The Line Between Education and Shame

The+Line+Between+Education+and+Shame

Chastity Frazier, Staff Writer

When I was in the third grade, I was waiting in the pick up line for my mom, I remember wearing my matching shorts and tank top set from Justice, it was my favorite outfit. I was talking to my friend when one of the student’s mom came over to me, she told me my clothing choice was “not appropriate” and that I was “exposing too much.” At seven years old I was confused, I could not comprehend what she meant by it, but I can still remember the incredibly sinking feeling I felt when she walked away. After that day. I never wore that outfit again.

When I was in the sixth grade, I was walking down the hallway with my friend when a teacher stopped me. I was wearing yoga pants, at first she was just staring at me, then she started speaking. “Those pants are not okay, it is inappropriate,” “you are degrading yourself,” “this is ridiculous,” and yes I agree, it was ridiculous. It was ridiculous because while the people passing were laughing, I was heartbroken. I no longer had the elementary mind I had back in third grade.

When I was in the ninth grade, I went into a teacher’s classroom to give her papers from another teacher, this time I was wearing a dress. I kindly handed her the papers and then began to walk out, but her voice stopped me. “Excuse me, that dress is not appropriate,” “I can’t believe you would even consider walking out of your house like that,” “you need to go to the office and change.” I remember one student calling out “that’s gross” and everyone’s laughter followed. I felt sick to my stomach, ashamed, guilty. But guilty for what? Showing too much skin? Having long legs? The teacher should have felt guilty for making me feel insecure and self loathing but instead, I felt guilty for being a female.

As Chimamanda Ngozi Adichie once said at a TedTalk, “We teach girls shame. Close your legs, cover yourself. As so, girls grow up to be women who silence themselves. They grow up to be women who cannot say what they truly think.”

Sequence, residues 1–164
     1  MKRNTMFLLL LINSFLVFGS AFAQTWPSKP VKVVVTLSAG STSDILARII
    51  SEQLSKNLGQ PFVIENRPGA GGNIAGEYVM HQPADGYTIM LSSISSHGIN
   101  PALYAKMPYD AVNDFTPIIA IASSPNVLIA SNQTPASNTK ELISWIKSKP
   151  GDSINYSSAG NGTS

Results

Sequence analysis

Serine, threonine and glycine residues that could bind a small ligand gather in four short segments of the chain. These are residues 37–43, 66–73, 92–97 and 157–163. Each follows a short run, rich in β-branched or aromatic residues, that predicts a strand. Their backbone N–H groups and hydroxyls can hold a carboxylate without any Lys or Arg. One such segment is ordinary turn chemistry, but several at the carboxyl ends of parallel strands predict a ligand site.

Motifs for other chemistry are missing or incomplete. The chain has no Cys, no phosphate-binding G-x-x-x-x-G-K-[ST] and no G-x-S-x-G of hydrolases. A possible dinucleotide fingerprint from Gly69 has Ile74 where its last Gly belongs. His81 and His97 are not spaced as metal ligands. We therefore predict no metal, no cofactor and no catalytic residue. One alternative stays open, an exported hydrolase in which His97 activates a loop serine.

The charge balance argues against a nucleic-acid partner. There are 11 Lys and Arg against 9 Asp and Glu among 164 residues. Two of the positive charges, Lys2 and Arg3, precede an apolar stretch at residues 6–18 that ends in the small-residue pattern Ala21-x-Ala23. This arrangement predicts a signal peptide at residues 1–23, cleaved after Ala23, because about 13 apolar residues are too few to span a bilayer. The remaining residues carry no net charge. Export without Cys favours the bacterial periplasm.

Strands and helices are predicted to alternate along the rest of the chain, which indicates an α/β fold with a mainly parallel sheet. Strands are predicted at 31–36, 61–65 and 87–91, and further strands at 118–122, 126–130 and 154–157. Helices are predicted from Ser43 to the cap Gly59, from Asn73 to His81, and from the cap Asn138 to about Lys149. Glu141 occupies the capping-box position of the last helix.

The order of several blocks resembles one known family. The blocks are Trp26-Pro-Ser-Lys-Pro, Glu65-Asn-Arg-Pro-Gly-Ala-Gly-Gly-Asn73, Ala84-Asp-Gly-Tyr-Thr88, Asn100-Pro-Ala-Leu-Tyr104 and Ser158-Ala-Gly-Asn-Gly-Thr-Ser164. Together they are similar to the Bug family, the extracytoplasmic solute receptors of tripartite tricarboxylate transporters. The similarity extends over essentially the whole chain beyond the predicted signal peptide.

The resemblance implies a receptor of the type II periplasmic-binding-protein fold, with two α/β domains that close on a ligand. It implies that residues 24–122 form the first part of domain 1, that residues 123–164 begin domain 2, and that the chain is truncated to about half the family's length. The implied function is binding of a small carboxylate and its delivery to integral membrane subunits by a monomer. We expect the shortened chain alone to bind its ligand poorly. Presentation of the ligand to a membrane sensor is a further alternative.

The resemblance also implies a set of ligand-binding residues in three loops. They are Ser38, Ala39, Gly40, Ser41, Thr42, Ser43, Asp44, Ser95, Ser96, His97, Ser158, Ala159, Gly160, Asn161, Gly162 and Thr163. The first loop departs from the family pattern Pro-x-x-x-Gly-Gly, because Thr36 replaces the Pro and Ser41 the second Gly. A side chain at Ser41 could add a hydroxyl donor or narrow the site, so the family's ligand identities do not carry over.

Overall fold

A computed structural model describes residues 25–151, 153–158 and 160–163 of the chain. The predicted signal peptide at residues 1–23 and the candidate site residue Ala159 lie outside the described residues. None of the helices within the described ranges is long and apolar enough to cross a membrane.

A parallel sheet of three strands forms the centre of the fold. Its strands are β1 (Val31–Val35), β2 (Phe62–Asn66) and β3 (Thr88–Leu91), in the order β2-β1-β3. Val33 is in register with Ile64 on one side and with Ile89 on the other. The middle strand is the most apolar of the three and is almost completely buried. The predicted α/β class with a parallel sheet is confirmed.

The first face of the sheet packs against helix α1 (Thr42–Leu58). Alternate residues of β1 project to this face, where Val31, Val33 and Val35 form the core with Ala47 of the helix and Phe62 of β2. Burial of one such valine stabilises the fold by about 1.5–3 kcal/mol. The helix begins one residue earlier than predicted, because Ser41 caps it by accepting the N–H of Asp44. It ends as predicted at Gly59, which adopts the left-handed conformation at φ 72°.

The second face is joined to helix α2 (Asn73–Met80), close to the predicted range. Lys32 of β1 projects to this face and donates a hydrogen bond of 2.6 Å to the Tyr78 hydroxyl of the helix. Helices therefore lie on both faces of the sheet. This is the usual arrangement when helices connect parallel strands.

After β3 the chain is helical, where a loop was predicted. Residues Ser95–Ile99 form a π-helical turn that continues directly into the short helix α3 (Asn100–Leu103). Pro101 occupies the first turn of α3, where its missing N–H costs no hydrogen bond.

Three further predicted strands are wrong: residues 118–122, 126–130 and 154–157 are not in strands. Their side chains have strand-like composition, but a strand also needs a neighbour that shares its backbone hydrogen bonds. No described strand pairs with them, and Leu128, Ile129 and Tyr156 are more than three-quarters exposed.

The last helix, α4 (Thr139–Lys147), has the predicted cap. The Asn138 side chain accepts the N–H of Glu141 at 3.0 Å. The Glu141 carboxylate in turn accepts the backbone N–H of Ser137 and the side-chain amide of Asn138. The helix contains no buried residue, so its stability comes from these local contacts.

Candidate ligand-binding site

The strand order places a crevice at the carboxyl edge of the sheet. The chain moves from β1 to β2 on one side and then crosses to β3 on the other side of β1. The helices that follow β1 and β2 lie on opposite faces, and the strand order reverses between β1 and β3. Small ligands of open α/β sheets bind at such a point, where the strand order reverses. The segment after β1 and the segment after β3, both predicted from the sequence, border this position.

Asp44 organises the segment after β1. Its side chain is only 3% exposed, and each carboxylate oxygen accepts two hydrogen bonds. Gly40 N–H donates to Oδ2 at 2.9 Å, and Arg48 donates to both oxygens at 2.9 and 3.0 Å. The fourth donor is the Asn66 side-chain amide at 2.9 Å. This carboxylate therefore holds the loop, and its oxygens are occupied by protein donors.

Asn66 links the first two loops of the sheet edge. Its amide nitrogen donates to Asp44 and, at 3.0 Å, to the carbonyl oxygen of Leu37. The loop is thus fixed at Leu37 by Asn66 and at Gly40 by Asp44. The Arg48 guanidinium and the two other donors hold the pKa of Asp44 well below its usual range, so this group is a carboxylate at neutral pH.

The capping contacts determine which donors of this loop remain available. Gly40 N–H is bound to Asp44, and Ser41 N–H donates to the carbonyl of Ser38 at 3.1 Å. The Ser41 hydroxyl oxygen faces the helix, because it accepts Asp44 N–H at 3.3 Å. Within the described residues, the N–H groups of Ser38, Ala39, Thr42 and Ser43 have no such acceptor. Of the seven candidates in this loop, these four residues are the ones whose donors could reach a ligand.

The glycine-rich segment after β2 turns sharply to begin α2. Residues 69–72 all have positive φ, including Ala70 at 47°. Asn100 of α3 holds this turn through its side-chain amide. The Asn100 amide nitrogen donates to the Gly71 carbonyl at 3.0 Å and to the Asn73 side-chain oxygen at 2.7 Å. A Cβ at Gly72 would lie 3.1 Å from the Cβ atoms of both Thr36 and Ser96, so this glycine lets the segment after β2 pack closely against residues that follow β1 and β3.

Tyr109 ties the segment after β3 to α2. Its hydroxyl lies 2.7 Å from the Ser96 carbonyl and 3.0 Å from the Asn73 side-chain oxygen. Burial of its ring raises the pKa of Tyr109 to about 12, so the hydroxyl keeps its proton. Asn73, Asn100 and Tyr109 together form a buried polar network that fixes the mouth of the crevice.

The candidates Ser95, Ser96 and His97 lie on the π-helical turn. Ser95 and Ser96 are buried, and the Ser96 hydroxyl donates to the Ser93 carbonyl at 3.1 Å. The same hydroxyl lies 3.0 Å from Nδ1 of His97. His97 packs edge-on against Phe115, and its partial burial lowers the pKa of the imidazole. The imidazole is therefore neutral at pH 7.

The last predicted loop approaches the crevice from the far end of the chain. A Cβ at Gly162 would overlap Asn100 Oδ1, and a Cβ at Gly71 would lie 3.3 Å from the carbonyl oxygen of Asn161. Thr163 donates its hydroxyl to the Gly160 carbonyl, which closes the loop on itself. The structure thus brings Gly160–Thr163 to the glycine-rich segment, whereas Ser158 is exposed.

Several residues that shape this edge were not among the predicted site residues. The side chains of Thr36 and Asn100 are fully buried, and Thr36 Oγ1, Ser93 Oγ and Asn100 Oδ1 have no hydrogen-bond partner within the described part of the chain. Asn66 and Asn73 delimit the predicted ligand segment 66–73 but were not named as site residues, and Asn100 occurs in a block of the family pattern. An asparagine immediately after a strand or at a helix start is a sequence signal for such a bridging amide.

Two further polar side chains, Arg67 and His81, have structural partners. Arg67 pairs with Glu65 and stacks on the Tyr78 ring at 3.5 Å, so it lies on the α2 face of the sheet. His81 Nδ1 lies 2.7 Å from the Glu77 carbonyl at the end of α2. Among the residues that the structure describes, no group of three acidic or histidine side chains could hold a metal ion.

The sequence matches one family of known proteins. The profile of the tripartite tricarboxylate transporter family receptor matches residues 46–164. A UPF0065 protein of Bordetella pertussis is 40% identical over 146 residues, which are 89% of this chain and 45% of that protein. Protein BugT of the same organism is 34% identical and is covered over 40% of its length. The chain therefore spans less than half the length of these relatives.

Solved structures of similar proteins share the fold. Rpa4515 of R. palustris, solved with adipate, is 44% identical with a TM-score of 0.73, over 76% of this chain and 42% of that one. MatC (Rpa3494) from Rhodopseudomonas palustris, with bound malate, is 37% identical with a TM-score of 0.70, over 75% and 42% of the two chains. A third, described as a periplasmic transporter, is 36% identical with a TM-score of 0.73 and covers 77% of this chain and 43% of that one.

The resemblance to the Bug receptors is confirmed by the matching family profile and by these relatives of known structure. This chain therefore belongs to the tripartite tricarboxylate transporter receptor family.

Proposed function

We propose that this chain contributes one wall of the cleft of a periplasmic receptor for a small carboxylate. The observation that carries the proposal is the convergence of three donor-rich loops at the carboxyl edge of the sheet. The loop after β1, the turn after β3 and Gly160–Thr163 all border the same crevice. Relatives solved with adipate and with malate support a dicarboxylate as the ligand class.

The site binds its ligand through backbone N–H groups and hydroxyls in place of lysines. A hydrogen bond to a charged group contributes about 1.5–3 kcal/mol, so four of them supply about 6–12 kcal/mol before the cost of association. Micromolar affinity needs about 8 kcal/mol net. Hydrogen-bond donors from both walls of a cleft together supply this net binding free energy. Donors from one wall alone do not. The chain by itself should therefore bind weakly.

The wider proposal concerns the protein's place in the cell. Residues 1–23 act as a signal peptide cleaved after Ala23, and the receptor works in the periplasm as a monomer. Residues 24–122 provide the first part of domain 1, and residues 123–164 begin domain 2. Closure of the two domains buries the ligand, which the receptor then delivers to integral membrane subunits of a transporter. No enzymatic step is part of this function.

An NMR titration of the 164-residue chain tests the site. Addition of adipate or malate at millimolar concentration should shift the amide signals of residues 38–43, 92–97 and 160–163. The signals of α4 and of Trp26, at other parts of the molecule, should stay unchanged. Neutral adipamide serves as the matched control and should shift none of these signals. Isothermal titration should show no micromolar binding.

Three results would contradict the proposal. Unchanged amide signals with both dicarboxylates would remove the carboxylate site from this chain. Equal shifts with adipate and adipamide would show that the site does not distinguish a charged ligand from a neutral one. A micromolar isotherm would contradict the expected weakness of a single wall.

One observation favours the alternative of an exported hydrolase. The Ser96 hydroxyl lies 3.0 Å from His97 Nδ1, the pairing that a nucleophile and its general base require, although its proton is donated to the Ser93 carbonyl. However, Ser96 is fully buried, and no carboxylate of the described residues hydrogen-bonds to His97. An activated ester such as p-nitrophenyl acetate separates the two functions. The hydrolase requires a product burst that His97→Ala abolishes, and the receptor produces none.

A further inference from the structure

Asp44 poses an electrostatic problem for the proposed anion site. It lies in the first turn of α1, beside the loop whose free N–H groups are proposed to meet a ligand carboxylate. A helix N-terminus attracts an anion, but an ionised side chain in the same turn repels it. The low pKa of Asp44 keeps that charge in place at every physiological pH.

I was seven years old when I was first exposed to shame for being a girl. But if you were to cut my hair and take off my shirt, I would be fundamentally identical to a boy at that age.

It is inevitable to experience sexism as a girl, however I have no tolerance for the concepts of body shaming.

Keller ISD’s dress and grooming policy states that students are “to dress in a respectful manner within the acceptable standards of the community and in such a manner as to contribute to the academic atmosphere, not detract from it..”

The fact that it says “to dress in a respectful manner… to contribute to the academic atmosphere, not distract from it,” is ridiculous. Students and teachers should respect my clothing choices. And who am I distracting with my “inappropriate” outfit in the first place? Male students?

Boys in school need to be taught that it does not matter what a girl in their class is wearing. It is a student’s job to come to school and learn, how a female is dressed has nothing to do with that.

School’s do not want to put in the time to teach boys that women are not objects and “opportunities of choice.” School systems everywhere are completely dismissing the rape culture we live in.

The dress code we have at not only our school but other schools around us, is teaching bright young women that it is their fault that their body is being sexualized. It also gives the green light for students to send out degrading slurs to these girls.

The teachers and faculty at Keller may not realize it, but dress code has warped young girls minds to think that showing too much skin is the equivalence to doing an illegal act. This is what makes girls think it is okay to shame other girls. But Keller ISD has a zero tolerance policy for bullying do they not? Are they not the ones influencing the minds of young girls? And are the teachers being the bullies when they break girls down and send them out of class for an exposed shoulder?

School systems, and society as a whole, need to realize that the effect dress code has on girls is not a positive one. Exposed shoulders, collarbones, thighs, and backs are not provocative. The creators of the dress code are sexualizing girl’s bodies. They are ruining the idea of freedom of expression, and they are blowing a true dress code’s meaning completely out of context.

Dress codes are used in schools to get students prepared for life after high school, seeing as most professions require a dress code. I understand that, but our dress code at Keller is unfair on the grounds of teaching shame to female students, and it needs to change.